There are ample locations in this modest-size park to search for rocks, fossils, and gems, though the main trail is just around one mile long.
The trail follows the flood plans that were once a landfill, making it a popular spot for rockhounds to search.
There is no fee to park at this location, though you should check the official website for conditions and closures before leaving on your trip.
Rockhounds looking for an isolated and serene location should visit the Secret Ravine of Miners Ravine, located at Dry Creek in Placer County.
Secret Ravine has over 10 miles of dense terrain filled with hiking trails for nearly every experience level.
Rockhounds tend to choose this location for the rumors of hidden gold, though there are other rocks and minerals known to be at the lake as well.
There are numerous parking lots visitors can park to visit this location, though the lot off of Folsom Road and Oak Street tends to be the most convenient.
Located in Lassen Volcanic National Park, Volcano Creek is a hotspot for finding volcanic elements and historical geological materials.
Your visit will depend greatly on the current season and weather conditions, as this area is prone to damage from wildfires and snow during the winter.
Cell phone service at Volcano Creek is scarce, which is why it’s crucial to stay on the marked trails when searching for volcanic materials.
Many hikers have been injured by going off of the trails, so be sure to follow instructions and stay safe.
Parking areas for the park are known to fill up quickly, though there are additional spaces at Loomis Plaza, Bumpass Hell, and Kings Creek Falls.
Indian Creek Trail
If you are looking for a short and easy hike filled with different types of rocks, fossils, and gems, be sure to check out the Indian Creek Trail located right in Placer County!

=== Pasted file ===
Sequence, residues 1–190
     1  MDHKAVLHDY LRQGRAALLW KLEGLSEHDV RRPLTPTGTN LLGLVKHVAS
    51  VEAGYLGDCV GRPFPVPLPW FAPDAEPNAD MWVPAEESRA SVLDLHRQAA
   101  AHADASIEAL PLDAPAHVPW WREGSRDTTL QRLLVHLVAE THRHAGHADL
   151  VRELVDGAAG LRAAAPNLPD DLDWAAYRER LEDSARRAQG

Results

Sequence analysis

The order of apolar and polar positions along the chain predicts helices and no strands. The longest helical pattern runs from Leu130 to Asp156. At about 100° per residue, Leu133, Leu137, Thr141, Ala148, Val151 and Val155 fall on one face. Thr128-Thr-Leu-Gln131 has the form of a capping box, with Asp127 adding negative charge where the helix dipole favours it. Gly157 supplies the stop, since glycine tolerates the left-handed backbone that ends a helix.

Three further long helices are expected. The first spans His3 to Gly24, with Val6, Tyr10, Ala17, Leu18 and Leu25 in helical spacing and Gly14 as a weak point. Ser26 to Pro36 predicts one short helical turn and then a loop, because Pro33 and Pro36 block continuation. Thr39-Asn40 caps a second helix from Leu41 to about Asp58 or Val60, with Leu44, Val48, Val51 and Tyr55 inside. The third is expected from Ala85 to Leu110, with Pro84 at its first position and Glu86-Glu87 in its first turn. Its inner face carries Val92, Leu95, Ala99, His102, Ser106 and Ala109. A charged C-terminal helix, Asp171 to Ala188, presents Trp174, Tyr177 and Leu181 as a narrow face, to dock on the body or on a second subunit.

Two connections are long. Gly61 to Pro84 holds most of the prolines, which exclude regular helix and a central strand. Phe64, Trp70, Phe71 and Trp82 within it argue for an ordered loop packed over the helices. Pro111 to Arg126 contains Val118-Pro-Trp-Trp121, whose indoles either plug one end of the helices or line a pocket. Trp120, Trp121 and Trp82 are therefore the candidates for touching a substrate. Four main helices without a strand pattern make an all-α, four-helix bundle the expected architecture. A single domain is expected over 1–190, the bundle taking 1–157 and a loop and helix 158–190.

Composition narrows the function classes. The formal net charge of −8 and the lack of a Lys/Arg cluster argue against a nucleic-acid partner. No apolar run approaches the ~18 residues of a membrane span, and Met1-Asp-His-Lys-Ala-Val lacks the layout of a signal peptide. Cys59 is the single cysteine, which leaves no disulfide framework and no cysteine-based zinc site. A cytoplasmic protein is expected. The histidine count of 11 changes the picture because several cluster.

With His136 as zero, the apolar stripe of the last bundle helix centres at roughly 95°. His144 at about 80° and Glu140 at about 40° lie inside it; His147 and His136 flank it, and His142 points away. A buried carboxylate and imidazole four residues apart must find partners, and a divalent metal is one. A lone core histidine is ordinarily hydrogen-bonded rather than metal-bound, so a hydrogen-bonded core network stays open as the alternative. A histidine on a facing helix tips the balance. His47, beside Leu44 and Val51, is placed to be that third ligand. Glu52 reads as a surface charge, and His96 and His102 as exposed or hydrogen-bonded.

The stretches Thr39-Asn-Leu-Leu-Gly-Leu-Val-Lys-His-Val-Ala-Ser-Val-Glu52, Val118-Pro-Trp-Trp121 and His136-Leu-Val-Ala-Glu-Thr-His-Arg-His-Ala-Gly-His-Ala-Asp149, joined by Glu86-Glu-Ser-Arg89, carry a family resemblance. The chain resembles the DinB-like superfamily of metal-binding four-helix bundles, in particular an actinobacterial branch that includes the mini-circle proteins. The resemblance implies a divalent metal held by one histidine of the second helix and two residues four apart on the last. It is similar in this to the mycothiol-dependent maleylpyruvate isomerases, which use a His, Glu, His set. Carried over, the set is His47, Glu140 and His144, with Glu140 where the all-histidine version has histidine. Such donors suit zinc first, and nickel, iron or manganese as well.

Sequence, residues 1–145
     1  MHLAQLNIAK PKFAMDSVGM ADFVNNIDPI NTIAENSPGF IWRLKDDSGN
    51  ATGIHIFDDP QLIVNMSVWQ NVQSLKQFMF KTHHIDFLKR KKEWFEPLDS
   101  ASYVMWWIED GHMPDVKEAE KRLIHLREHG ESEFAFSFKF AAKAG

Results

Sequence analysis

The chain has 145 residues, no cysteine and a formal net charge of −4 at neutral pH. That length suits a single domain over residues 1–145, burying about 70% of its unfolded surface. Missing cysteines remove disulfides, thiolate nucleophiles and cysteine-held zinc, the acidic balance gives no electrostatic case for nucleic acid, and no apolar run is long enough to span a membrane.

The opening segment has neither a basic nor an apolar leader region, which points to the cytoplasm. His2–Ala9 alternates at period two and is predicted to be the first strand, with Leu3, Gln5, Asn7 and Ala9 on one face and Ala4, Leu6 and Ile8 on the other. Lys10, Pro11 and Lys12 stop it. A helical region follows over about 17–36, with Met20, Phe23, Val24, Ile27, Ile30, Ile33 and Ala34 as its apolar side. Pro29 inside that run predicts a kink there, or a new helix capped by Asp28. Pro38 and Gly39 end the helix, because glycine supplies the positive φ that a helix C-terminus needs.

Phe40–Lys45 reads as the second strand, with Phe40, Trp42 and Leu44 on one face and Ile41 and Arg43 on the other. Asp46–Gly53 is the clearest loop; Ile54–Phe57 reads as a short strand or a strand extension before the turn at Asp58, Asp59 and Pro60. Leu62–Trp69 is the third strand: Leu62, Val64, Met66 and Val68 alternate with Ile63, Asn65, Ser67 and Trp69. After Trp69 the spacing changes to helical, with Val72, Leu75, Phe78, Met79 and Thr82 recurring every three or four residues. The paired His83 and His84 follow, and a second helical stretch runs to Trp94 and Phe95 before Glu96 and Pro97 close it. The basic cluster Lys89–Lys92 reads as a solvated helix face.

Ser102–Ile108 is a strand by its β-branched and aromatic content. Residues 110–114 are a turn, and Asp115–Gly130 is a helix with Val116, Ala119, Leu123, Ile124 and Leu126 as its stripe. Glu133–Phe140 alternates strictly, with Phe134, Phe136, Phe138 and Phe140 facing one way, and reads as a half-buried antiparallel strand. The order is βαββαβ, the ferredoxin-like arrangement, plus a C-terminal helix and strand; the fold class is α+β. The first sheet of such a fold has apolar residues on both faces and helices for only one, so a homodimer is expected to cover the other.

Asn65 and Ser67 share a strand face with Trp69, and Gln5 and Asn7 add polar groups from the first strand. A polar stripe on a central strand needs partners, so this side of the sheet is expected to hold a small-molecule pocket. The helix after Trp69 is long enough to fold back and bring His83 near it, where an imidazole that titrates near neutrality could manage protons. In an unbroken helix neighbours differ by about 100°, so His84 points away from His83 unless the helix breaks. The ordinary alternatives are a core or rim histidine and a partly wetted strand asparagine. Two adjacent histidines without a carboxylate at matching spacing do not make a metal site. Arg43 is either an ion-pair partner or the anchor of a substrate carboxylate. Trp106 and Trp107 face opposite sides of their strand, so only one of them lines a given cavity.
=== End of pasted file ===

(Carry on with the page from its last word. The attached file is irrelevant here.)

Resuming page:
This location is known to have quartz, jasper, and sandstone, as well as other various plant and mammal fossils.
This trail is considered to be easy, though there are some areas with steep inclines and serious drop-offs, so it’s crucial to stay safe and aware while searching on the trails.
This location is great for those rockhounding with small children, as there is no need to hike in or out of this trailhead.
The most difficult portion of the hike is the west side of Shirttail Creek, so be sure to stay alert in this area.
One incredible benefit of this location is the ample spots along the trail where you can swim or search the water’s edge for valuable gems.
The entrance to the trailhead is located off of Yankee Jim’s Road.
Rockhounding is a great way to get outdoors, enjoy fresh air, and find amazing rocks, minerals, and fossils.
Placer County, California, is a great place to go rockhounding, with various locations to choose from. So get out there and start exploring!
California Rockhounding Resources
If you like to have a physical book in hand (like when there’s no cell service), here’s a few popular options:
Rockhounding California: A Guide To The State’s Best Rockhounding Sites
Gem Trails of Southern California
Gem Trails of Northern California
Smithsonian Rocks and Minerals Identification Guide